The Farm Direct Marketing Rules allow the sale of farm-produced eggs. However, the following rules apply to egg producers:

  • Producers selling only to retail customers (end users) do not need a Food Safety Program license, regardless of the number of eggs sold.
  • Eggs must bear a label that states: "This product is not prepared in an inspected food establishment," and "Not For Resale.
  • Eggs can only be sold under consignment if the agricultural producer selling the consigned eggs has an egg handler license.
​​

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Can I direct-market grains and legumes that I have grown?

The Farm Direct Marketing Rules allow the sale of farm-produced eggs. However, the following rules apply to egg producers:

  • Producers selling only to retail customers (end users) do not need a Food Safety Program license, regardless of the number of eggs sold.
  • Eggs must bear a label that states: "This product is not prepared in an inspected food establishment," and "Not For Resale.
  • Eggs can only be sold under consignment if the agricultural producer selling the consigned eggs has an egg handler license.
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How do the rules affect the sale of eggs?


Farm Direct Marketing Rules allow an agricultural producer to roast the producer's own peppers, nuts and corn-on-the-cob and to pop the producer's own popcorn at farmers' markets, if the foods mentioned above are processed after purchase and are not sold for immediate consumption. If an agricultural producer wishes to pop or roast his/her own commodities for immediate consumption, he/she should contact the County Health Department to discuss the requirements for a temporary restaurant license.

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How do the rules affect the sale of honey?


Under Farm Direct Marketing Rules, consignment means selling products for another agricultural producer who is from either the same or an adjoining county as where the seller is located.
  • The agricultural producer doing the selling must represent the consigned goods as property of the agricultural producer who produced them, and must ensure that the products are clearly labeled with the name, business address, and county of the agricultural producer who produced the products.
  • Consignment is limited to farm direct sales of: fresh fruits, vegetables and herbs, unshelled nuts, honey, plus items like garlic and potatoes that are cured or dried by the agricultural producer as part of routine post-harvest handling.
  • Eggs can only be sold under consignment if the agricultural producer selling the consigned eggs has an egg handler license.

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How do the rules affect the sale of eggs?

  • Although the bill primarily addresses activities of agricultural producers (farmers), one section of the bill does address the characterization of farmers' markets and other organizations (such as church bazaars or CSA drop sites) where farm direct marketing takes place.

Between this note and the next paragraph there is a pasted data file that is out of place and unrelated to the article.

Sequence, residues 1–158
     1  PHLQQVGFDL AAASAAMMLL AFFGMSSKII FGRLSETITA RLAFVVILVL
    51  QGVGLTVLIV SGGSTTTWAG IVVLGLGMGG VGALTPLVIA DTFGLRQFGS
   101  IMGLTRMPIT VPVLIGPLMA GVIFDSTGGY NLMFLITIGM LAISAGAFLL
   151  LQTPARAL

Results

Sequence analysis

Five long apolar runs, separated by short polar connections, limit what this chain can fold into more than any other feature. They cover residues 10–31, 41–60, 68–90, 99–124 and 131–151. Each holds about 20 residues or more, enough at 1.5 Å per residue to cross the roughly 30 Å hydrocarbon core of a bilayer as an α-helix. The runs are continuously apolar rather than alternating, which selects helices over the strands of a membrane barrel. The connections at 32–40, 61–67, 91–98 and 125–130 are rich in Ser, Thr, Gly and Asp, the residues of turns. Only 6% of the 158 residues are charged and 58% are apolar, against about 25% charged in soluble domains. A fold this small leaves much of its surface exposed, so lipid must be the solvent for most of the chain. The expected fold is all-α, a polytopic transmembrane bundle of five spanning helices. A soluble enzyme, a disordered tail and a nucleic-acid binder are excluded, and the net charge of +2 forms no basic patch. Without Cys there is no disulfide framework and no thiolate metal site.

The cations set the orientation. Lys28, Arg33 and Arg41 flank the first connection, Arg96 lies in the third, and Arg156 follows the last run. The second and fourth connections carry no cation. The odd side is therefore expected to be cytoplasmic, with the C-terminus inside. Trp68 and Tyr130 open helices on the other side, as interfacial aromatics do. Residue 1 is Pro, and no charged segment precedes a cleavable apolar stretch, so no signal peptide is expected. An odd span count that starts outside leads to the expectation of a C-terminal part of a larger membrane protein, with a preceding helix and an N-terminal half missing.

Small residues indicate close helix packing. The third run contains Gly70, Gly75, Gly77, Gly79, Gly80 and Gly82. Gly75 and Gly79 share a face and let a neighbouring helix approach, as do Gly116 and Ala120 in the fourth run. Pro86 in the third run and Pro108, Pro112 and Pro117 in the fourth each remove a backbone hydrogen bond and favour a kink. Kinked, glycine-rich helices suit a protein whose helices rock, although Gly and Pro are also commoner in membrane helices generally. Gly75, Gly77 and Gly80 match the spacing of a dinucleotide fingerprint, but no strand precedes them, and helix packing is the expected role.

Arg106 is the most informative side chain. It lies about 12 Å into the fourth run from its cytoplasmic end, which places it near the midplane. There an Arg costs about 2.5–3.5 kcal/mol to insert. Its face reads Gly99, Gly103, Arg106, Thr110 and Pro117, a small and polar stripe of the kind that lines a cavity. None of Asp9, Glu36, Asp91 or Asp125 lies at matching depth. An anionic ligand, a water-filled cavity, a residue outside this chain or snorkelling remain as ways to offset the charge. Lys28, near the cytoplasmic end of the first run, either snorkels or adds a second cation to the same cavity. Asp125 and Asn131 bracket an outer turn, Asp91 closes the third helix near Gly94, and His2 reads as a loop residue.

• Organizations that manage a group of farm direct marketers and the spaces upon which their stands are set up are not required to be licensed as food establishments when the organizations' activities are limited to hosting farm direct marketers.
  • If an organization that manages a site where farm direct marketing takes place were to operate in the same manner as a grocery store - buying and selling food - it would need to be licensed as a food establishment.
  • Organizers and/or managers of sites where farm direct marketing takes place should make sure that the products offered for sale meet one of the following three requirements:
  1. The food is in the category of fresh fruits and vegetables grown by the agricultural producer.
  2. The food is otherwise exempted under the Farm Direct law or rules; or
  3. The food is produced and/or sold by a licensed establishment.

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How do the rules affect the sale of eggs?

Attachment A: Foods Included in the Farm Direct Bill

Food Item
No Sales Limit
$20,000 Sales Limit
"Not Inspected" Labeling Requirement
Allowed For Consignment*
fresh fruits, vegetables, herbs
 X
 
 
X
dried fruits, vegetables, herbs
 X
 
 
 +
grains, whole or cracked
 X
 
 X
 
parched or roasted grains
 X
 
 X
 
fresh legumes and seeds 
X
 
 
 
dried legumes and seeds
 X
 
 X
 
flour
 X
 
 X
 
nuts in shell
 X
 
 
 X
shelled nuts
 X
 
 
 
eggs in shell
 X
 
 X
 X*
natural honey, no additives
 X
 
 X
X
canned fruit, syrups, preserves, jams, jellies
 
X
X
 
salsa and hot sauce
 
X
 X
 
sauerkraut or lacto fermented vegetables
 
 X
 X
 
pickles
 
 X
 X
 
*Consignment allowed only when the agricultural producer selling consigned eggs has an egg handler license.
+Not unless part of routine post-harvest handling.

Attachment B: Conditions of Sale

Unlimited Sales

  • fruits, vegetables, herbs (fresh and dried)
  • grains, whole or cracked
  • parched and roasted grains
  • legumes and seeds, fresh and dried
  • flour
  • nuts, shelled
  • nuts, unshelled
  • eggs, in shell
  • natural honey, no additives
  • popcorn, popped (prepared on-site; not intended for immediate consumption; packaged to take home.)
  • nuts, roasted(prepared on-site; not intended for immediate consumption; packaged to take home.)
  • peppers, roasted (prepared on-site; not intended for immediate consumption; packaged to take home.)
  • corn-on-the-cob, roasted (prepared on-site; not intended for immediate consumption; packaged to take home.)

Subject to $20,000 Annual Gross Sales Limitation and extra labeling requirements

  • canned fruit (acidic, fruit-based)
  • syrups (acidic, fruit-based)
  • preserves (acidic, fruit-based)
  • jams (acidic, fruit-based)
  • jellies (acidic, fruit-based)
  • salsas that are naturally acid, or made acidic by addition of ingredients
  • sauerkraut, kim chi, and other lacto fermented fruits and vegetables
  • pickles in vinegar (fruit or vegetable)
  • pickle relish, acidified
  • chutneys that are naturally acid, or made acidic by addition of ingredients